Rates on hold as mortgage-belt spared

Relief for the mortgage belt as the RBA keeps interest rates on hold

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Relief for the mortgage belt as The Reserve Bank of Australia (RBA) has kept interest rates on hold, writes The Motley Fool.

It was likely a close-run decision, but in the end, the RBA did what most people expected them to do, keeping interest rates on hold at 4.75%.

You can feel the large sigh of relief from mortgage-holders across the country. Already faced with rising energy and grocery prices, the last thing they needed was higher mortgage repayments. Phew.

But the relief may be short-lived. Inflation is running at the top end of the RBA's 2% to 3% inflation target. In fact, data published this week by the TD Securities-Melbourne Institute pointed to annual inflation running at 3.2% in July.

Spared for how long?

If inflation does stay at these elevated levels, the RBA will have no choice but to increase interest rates. We may have been spared this month, but perhaps not for too much longer.

Here at The Motley Fool, we have a bias towards the RBA leaving interest rates on hold for an extended period.

And, we wouldn't even be surprised if the next move was down, not up.

Falling house prices to save the day

RP Data-Rismark recently said home prices had fallen 2% in the year to June. Compounding the woes, the Housing Industry Association (HIA) said new home sales posted their biggest monthly drop in five years in June, sinking 8.7%.

It doesn't paint a pretty picture.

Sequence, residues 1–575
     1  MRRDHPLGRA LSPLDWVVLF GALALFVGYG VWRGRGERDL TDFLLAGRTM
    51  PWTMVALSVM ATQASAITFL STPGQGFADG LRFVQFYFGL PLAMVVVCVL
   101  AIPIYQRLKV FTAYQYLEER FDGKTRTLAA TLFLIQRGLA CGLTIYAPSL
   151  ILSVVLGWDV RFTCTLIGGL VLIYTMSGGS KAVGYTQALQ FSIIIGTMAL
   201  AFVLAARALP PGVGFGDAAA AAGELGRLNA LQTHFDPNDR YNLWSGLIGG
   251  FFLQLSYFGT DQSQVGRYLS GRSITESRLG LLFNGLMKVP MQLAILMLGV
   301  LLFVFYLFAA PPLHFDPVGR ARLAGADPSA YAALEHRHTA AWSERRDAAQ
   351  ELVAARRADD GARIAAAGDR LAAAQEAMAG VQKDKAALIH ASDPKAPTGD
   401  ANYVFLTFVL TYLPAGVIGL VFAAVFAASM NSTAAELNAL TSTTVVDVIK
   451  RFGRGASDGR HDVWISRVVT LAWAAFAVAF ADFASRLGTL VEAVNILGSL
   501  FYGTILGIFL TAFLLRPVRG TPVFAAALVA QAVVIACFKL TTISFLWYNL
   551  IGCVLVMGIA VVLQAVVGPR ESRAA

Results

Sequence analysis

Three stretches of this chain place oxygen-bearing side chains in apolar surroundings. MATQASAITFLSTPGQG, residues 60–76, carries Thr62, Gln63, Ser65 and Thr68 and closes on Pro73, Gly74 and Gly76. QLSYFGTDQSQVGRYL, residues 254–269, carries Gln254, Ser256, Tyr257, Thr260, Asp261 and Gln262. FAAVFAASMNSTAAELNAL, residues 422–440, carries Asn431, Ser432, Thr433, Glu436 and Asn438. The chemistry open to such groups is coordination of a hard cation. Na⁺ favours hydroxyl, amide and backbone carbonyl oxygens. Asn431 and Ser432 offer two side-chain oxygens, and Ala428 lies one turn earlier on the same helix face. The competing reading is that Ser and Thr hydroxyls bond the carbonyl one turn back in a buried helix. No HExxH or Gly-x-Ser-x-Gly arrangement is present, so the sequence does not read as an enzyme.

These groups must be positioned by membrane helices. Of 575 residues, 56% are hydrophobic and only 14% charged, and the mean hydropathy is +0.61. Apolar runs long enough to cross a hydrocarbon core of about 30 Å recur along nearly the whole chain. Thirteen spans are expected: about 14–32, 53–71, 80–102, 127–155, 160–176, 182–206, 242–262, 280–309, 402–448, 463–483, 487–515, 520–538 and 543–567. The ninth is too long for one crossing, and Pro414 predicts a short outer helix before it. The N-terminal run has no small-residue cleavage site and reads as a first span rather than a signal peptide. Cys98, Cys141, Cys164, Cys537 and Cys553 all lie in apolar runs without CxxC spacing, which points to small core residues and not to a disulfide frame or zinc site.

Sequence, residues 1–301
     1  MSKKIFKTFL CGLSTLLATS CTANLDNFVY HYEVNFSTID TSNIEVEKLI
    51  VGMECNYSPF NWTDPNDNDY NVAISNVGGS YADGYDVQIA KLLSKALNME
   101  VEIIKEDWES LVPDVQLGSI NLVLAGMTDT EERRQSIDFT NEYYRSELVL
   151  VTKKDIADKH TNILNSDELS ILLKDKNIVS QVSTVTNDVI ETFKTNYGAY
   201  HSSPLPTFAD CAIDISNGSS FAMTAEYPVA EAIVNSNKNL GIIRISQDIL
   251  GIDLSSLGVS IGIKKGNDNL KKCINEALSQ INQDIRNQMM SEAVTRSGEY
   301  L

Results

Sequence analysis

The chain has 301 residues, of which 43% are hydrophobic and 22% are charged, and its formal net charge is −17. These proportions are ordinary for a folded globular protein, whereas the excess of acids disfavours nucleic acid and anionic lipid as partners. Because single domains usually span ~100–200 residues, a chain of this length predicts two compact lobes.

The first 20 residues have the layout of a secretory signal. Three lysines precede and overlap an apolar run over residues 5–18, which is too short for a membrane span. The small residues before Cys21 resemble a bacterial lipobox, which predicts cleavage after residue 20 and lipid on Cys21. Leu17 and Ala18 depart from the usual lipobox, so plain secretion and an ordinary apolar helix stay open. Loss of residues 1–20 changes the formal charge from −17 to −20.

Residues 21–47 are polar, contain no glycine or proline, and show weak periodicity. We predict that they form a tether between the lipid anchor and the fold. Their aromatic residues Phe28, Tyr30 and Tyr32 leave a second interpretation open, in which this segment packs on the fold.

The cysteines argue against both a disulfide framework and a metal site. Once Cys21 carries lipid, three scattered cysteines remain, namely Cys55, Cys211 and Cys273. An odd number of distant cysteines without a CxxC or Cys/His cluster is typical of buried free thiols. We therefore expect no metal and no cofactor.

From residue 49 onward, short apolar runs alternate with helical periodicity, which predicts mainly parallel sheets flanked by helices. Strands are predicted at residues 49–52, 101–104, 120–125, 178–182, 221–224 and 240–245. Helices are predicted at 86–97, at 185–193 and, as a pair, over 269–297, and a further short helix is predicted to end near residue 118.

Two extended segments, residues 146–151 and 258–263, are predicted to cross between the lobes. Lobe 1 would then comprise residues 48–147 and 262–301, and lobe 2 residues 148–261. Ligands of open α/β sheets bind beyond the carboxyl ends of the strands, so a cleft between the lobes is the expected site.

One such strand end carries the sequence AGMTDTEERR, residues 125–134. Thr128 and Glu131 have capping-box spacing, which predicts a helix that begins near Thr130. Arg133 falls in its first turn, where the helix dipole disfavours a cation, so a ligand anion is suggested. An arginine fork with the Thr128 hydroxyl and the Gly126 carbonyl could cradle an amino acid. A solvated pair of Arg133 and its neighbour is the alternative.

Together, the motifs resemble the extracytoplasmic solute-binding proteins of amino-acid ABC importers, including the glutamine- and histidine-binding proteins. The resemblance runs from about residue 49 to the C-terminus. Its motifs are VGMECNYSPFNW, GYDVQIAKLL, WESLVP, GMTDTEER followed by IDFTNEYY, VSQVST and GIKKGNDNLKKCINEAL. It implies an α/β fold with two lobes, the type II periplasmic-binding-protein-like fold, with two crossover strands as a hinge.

House-prices, and the share market, have a huge 'wealth effect' on the population.

It's no coincidence that in the run-up to the GFC, when house prices and the share market were booming, so too was our economy. Back then, in the good old days, our economy could handle a cash rate of 7.25%.

Remember that? How quickly we forget.

Today, the mortgage belt would scream blue-murder if the cash rate was above 5%, let alone above 7%.

Three letters explain the problem – GFC.

Weak at the knees

As for the share market, along with house prices, it keeps edging lower, and lower, and lower, and lower.

Year to date (YTD), it's off 6.5%, making the fall in house prices look like a picnic by comparison.

Look away now if the sight of red numbers makes you squeamish …

Company Share Price Change YTD
BHP Billiton (ASX: BHP) -8.5%
ANZ (ASX: ANZ) -10.8%
Woodside Petroleum (ASX: WPL) -9.9%
CSL Limited (ASX: CSL) -15.4%
Suncorp Group (ASX: SUN) -14.1%
Qantas Airways (ASX: QAN) -27.4%
Toll Holdings (ASX: TOL) -20.9%
Caltex Australia (ASX: CTX) -25.8%

Source: Capital IQ, a division of Standard & Poors

Those are pretty significant falls for some of Australia's largest and most popular companies.

In the face of these headwinds, despite the inflation data saying otherwise, how could the RBA raise interest rates?

No free lunches

Can you see where we're coming from when we say we have a bias towards interest rates remaining on hold, or even cut?

Struggling working families will welcome lower interest rates.

But there is a cost. Lower rates come with higher unemployment and a generally slower economy.

The best we can hope for is the status quo. Australia hasn't had a recession for 20 years. We're not in one now, but to some it must feel like it.

Like it or not, we've just got to tough it out. There 'aint no free lunches here. They all ran out in September 2008 when the GFC hit.

Free report: Read this before the stock market crashes

Of the companies mentioned, Bruce Jackson has a beneficial interest in ANZ and BHP. The Motley Fool's disclosure policy is doing it easy.

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